Archive | October, 2016

Black History Month Event : Join The Citizenship, ‘race’ and belonging (CRaB) research network on Monday 31st October for several talks.

The Citizenship, ‘race’ and belonging (CRaB) research network cordially invite you to join us on Monday, 31st October (refreshments from 5:30, talk at 6pm) in DS 2.14 for the following talk:   Black Preachers in Georgian Portsmouth   Portsmouth is not the first place that springs to mind when we imagine the eighteenth-century black British presence. But, as ‘the world’s greatest naval port’, it served as one of the main entry points for African and African-American sailors travelling to Britain. When they arrived among the dirt, noise and drunkenness of the industrialising port city, some of these individuals took it upon themselves to save the souls of Portsmouth’s ‘poor sinners’.   What did these pioneering figures make of Pompey, and how were they treated by the locals when they arrived? What exactly did they preach here? And how did they carve out a life for themselves during an age of slavery? In celebration of black history month, this paper explores the experiences of three key black preachers in Georgian Portsmouth.   *Ryan Hanley is Salvesen Junior Fellow in History at New College Oxford. He is the author of several articles on black intellectuals in eighteenth-century Britain, and is co-editor, with […]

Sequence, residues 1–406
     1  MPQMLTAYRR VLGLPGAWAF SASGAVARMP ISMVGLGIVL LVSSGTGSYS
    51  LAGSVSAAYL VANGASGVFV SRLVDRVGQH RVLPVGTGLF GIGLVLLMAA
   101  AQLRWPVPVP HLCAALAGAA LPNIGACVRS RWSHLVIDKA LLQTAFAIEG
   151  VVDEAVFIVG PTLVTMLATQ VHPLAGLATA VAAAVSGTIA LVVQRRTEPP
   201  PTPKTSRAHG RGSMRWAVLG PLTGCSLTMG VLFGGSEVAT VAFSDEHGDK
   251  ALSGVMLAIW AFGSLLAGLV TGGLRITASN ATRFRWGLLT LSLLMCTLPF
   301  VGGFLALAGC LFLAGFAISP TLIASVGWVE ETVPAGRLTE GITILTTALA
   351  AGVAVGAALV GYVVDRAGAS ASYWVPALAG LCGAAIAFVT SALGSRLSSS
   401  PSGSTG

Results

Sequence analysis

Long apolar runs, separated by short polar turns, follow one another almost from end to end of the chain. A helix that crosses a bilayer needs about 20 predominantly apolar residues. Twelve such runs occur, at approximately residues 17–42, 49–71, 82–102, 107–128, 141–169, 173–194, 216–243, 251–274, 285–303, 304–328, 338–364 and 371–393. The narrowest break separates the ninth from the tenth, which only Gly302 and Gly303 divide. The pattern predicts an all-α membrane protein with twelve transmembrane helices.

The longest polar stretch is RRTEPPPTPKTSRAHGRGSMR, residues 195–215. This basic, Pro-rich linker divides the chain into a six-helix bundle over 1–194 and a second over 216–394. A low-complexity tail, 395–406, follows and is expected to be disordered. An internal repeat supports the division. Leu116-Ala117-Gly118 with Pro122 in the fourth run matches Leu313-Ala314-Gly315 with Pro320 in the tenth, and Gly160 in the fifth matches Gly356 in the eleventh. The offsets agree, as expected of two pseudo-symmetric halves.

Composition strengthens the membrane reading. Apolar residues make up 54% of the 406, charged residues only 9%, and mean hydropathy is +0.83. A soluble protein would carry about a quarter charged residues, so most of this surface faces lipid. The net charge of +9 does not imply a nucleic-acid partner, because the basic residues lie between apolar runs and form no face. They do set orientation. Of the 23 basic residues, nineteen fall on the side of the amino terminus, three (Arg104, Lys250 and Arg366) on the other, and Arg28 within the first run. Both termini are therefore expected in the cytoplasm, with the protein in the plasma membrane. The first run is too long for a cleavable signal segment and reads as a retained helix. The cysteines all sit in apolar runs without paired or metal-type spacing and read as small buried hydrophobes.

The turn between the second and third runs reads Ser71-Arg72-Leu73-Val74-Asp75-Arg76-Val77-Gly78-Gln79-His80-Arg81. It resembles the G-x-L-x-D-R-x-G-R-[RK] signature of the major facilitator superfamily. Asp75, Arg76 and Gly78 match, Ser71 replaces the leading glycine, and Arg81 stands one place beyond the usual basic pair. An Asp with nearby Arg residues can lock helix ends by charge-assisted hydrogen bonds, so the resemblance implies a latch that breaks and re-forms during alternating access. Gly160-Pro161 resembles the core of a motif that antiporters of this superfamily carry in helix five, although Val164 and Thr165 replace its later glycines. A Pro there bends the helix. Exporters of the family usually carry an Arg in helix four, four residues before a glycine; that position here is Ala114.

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CFP : HESCALE – Histoire, Économie, Sociologie des Cinémas d’Afrique et du Levant

HESCALE – Histoire, Économie, Sociologie des Cinémas d’Afrique et du Levant Call for Papers International Conference – Strasbourg (France) –15, 16, 17 March 2017 Producing films in/with Africa and the Middle East      Maghrebi, Arab, Mediterranean and African cinemas have become favoured areas of research, particularly with respect to the political, cultural, social and aesthetic issues communicated by the films in the context of their national and international reception. By contrast, the production and circulation of these films have not attracted attention beyond the work of a few isolated researchers and films critics. While Africa is often wrongly perceived as being a desert for films, it now boasts several flourishing national cinemas, even besides Nollywood. Indeed, Africa has never produced as many films as it does today. These films are very popular in certain parts of the world while unknown if not rejected in others. Meanwhile in the Middle East, countries without any film cultures or film traditions, are attempting to redefine relationships of power with respect to the production and circulation of films. Furthermore, the digital revolution, and its economic and cultural impact have transformed the processes of film production, distribution and circulation. While recent interest in Nollywood […]

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